The Toxic Legacy of 4.3 Million Flammable Samsung Smartphones

The Toxic Legacy of 4.3 Million Flammable Samsung Smartphones. TakePart, November 2, 2016.

Greenpeace presses the electronics giant to recycle the defective phones and keep their hazardous components out of landfills.

What will become of the 4.3 million Samsung Galaxy Note 7 smartphones at risk of spontaneous combustion? The environmental group Greenpeace says Samsung’s corporate crisis presents a “big opportunity” to develop a new model for recycling and repurposing e-waste.

Samsung, the world’s largest smartphone maker, “has said that it will not recycle the phones and has still not offered any clarity on what it will do,” Greenpeace claimed in a statement.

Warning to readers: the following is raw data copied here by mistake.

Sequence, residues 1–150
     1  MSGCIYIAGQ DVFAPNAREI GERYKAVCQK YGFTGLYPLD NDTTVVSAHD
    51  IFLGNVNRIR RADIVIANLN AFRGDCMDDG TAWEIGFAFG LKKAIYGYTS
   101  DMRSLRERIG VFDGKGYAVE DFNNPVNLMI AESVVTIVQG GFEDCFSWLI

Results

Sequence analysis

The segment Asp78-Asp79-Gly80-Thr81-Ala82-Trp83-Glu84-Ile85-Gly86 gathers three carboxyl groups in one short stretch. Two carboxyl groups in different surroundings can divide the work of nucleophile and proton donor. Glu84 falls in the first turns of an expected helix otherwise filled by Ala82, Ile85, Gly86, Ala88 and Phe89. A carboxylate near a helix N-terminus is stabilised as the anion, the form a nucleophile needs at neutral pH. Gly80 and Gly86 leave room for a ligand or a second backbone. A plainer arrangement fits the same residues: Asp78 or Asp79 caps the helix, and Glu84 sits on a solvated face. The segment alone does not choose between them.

Smartphones contain toxic heavy metals such as hexavalent chromium, arsenic, beryllium, and cadmium. They enter the environment when buried or incinerated and accumulate in air, soil, and water, as well as in humans and wildlife. Much of the electronic waste ends up in such countries as Vietnam, China, and Nigeria, where poor communities burn circuit boards and plastic and soak microchips in acid to extract materials, which can turn entire villages into toxic waste dumps.

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